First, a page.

I must admit that I am very much behind the times when it comes to phone technology. I have a cell phone, but all it does is make calls. (OK–it can also “text” and I believe it has an alarm clock). I have thus never used an “app” before. Maybe some day…
Over at The New York Times, Virginia Heffernan informs us about the History Channel’s “Civil War Today” app and in the process reflects more generally about attempts to make the Civil War entertaining for a larger public. Here is a taste:
Civil War Today is the brainchild of Tina Prause, the head of product development at A&E Television Networks. She’s the daughter of Revolutionary War re-enactors, she told me. She grew up loading black-powder rifles at restaged battles in Connecticut. Critics and users alike have praised the Civil War Today app, and Apple has knighted it an App of the Week. With the help of Bottle Rocket, the superstar Dallas-based developer that has created apps for PBS and NPR, Prause and A&E have managed with little fanfare to make from scratch a new approach to history, museology and pedagogy. When Burns did this with “The Civil War,” he was hailed as a national treasure.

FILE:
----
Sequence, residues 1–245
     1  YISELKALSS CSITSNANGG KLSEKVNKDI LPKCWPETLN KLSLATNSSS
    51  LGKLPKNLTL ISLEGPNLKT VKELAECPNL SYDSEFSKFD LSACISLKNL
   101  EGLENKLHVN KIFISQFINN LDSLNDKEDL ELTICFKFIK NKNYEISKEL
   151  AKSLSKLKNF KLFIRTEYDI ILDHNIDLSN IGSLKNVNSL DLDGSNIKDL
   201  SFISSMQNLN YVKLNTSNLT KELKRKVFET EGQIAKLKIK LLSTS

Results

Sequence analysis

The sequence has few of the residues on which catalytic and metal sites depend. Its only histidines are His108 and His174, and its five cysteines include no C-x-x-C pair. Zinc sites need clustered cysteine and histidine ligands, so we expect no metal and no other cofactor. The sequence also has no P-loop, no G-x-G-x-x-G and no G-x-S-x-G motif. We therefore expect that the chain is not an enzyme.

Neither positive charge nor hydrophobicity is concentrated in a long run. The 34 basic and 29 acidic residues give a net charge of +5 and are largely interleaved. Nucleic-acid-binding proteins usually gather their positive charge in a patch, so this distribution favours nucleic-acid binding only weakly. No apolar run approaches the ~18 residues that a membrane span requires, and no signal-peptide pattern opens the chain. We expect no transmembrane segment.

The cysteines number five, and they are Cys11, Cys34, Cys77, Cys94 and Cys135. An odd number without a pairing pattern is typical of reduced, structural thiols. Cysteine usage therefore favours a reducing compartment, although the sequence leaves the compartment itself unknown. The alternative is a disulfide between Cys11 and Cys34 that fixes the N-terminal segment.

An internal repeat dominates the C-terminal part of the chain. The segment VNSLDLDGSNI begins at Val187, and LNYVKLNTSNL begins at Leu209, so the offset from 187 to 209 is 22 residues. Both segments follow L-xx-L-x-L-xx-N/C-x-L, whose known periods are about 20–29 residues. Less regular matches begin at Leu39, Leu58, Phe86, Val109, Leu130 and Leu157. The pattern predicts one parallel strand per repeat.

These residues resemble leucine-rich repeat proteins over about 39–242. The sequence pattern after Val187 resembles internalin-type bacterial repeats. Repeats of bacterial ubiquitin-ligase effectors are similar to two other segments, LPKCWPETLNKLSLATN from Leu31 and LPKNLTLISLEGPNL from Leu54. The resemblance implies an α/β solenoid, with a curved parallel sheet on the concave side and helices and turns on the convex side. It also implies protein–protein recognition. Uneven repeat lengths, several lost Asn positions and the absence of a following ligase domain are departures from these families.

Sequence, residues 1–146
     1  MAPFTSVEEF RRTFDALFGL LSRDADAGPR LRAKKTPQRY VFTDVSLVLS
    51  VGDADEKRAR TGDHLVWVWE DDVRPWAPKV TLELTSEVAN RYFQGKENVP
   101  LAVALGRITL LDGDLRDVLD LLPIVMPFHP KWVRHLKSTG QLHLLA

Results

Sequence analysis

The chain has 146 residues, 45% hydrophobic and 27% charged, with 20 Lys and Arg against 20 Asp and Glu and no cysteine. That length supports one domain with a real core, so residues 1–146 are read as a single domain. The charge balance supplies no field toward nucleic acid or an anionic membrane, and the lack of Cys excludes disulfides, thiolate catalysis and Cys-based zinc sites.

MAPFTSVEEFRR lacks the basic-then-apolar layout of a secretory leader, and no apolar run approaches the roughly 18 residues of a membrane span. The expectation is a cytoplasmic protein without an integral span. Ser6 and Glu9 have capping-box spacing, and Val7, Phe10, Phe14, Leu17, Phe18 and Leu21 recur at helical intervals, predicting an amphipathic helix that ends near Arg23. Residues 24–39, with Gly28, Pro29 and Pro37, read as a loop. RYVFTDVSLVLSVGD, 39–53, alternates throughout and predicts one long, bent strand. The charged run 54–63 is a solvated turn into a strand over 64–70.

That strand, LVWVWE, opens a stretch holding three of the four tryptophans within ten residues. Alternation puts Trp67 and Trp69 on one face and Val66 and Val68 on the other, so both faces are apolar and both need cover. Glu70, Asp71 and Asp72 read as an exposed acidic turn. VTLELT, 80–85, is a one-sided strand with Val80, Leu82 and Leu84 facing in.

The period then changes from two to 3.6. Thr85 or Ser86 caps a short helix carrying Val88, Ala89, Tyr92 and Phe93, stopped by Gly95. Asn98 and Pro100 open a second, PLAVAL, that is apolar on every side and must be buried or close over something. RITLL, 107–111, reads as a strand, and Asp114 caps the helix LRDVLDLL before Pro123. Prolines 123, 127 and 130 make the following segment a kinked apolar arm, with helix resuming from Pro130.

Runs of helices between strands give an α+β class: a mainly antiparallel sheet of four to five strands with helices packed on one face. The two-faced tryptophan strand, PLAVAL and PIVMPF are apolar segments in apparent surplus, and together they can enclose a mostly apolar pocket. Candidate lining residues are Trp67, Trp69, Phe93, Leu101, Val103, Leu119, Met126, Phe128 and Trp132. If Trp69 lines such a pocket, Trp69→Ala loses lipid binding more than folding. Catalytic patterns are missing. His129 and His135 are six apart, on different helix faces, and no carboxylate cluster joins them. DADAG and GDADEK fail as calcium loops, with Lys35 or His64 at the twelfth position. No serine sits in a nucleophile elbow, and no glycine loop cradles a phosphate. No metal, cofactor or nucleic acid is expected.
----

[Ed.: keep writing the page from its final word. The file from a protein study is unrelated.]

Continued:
But Burns, an establishment figure who cast academic historians in starring roles, was easy for historians to like. By contrast, the Civil War Today app may remind historians not of Burns but of Disney’s America, the proposed theme park from the 1990s that historians deplored — and managed to boo out of existence.
The app costs $8 and it “expires” in 2015.
I'm thinking that people could make some money with apps for Civil War battlefields and other historic sites. Using a smartphone's GPS, it could tell you what happened near here, guide you on a walk (complete with audio), etc. I looked to see what they had for Gettysburg last fall/winter and found one that was similar. I'm not necessarily on the forefront of technology by any means, but I'm always intrigued to see how we can use it to make people more interested in history since everyone is so plugged in all the time. I guess that's the public historian in me. 🙂